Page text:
Bleaching my skin didn’t really help my low self-esteem

I was 25 when I met Dr. Anita, the first thing that struck me about her was that she was very dark skinned but she was beautiful and confident. She came to see how I was doing at the hospital and the worried expression that furrowed her brows told me I wasn’t doing good. Instead of walking away, she pulled out a chair and sat with me. I knew my kidneys were shutting down and that the dialysis wasn’t working as well as the doctors had hoped. I also knew it was my fault. A boy in my class had told me I was too dark, he had called me shoe polish when his friend had whispered in his ear that I liked him. He picked Folake instead, she was very light skinned and everyone said her skin made her so beautiful. I was 13 years old and I felt ugly, rejected and dejected. One of my friends had told me Folake used ‘cream’ to maintain her color and this friend had suggested I start using cream and soap to make my skin more attractive for the boy I liked. That was how I started bleaching my skin in JSS3 and the fairer it got, the more my self-esteem increased. I really felt beautiful. I didn’t care that my skin had blemishes, I didn’t even notice when I started waking up at night frequently to urinate or my feet got swollen often. It was when my face started getting swollen every morning that my Aunt dragged me to the hospital.

I pause and look at Dr. Anita, she is listening so intently. She is so black, like shoe polish but her black is fine, simply because she is herself, elegant and comfortable. I wish I had her self-esteem years ago in secondary school. Maybe I wouldn’t be dying right now. Yes I saw the looks on everyone’s faces and the fact that sometimes they told me I was unconscious. Dr Anita asked what I was thinking about and I told her. She smiled sadly. She had also been the butt of cruel black jokes but her mom and sisters had constantly reminded her that her black was beautiful and she had chosen to focus on the positive and block out the negative criticism.

I continued my story…the cream and soap I had used for 12 years were a popular brand and cheap but the doctor informed me that they contained mercury a harmful chemical that destroyed the kidneys over time and now I was paying the price. I thought about how the boy who called me shoe polish and ruined my self-esteem was living his life now somewhere. I didn’t even like him that much sef. I thought about my friend who had introduced me to the bleaching, she wasn’t in a hospital on drip, she worked as a banker in Asaba. Why was my own different? Dr Anita explained to me that some people’s kidneys were more susceptible than others. She told me so many nice and encouraging words and I wish I had met her years ago. I wish teenage girls knew about the dangers attached to low self-esteem. Many had gotten unwanted pregnancies, STDs, drug addictions, gotten depressed and joined cult because of low self-esteem. As I lay on that bed at the teaching hospital, I realized that bleaching my skin didn’t really help my low self-esteem. It masked it but I became dependent on it to feel beautiful and that addiction had finally landed me in hospital. I knew that if by a miracle I survived I would be a changed person.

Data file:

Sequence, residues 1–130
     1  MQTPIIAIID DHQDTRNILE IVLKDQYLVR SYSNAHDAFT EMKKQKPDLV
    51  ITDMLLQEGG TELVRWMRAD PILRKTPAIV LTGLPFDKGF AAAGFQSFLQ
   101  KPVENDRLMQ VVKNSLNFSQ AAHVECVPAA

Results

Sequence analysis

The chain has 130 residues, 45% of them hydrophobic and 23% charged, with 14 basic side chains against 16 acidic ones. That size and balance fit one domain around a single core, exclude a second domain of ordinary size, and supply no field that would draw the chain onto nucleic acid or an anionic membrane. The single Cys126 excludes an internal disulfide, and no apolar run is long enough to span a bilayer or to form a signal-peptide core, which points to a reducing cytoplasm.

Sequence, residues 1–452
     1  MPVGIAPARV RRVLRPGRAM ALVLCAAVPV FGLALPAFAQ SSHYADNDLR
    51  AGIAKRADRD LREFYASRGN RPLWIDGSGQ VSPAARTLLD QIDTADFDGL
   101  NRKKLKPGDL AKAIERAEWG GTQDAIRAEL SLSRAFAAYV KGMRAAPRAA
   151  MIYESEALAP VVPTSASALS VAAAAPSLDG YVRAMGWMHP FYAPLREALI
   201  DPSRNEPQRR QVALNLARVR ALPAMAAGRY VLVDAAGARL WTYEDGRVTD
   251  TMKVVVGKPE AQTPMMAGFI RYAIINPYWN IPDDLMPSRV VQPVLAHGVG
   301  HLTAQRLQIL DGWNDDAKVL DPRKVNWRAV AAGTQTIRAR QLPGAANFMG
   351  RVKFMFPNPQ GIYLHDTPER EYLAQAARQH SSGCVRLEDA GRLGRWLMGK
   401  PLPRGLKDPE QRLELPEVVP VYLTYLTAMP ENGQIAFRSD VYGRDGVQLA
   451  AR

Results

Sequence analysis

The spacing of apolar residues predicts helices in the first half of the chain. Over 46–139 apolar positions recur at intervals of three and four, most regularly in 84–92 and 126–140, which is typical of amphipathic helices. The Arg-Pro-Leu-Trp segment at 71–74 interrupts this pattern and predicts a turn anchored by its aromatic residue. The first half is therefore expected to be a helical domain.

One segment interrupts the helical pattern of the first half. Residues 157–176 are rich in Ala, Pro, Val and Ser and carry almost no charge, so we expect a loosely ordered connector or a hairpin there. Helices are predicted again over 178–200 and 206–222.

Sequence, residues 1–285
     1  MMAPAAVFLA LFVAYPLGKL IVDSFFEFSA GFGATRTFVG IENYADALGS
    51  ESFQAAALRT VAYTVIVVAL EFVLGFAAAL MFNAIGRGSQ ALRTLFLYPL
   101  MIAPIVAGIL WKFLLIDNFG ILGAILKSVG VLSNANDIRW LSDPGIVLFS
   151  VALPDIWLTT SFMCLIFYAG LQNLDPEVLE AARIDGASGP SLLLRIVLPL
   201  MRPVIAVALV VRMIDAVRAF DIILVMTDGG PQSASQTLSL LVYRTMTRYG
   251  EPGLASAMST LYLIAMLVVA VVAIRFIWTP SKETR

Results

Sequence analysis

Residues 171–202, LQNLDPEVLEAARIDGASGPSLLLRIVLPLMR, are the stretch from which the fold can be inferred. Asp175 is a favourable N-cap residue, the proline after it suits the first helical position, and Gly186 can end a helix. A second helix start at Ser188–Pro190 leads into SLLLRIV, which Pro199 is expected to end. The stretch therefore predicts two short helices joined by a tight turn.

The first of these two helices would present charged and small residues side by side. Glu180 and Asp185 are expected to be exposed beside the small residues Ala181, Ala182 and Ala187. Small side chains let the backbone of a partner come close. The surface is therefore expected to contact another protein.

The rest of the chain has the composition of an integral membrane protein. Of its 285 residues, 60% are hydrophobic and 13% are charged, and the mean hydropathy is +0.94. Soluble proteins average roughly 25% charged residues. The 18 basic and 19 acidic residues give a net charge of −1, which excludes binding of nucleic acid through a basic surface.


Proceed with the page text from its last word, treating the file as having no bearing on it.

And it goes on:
***Ufuoma died at the age of 25 from complications associated with end stage kidney disease due to mercury poisoning. Dr Anita eventually became a dermatologist and started the Embrace Melanin Initiative, an NGO with a vision to kick harmful skin lightening practices and colorism (discrimination as a result of darker skin tone) out of Africa.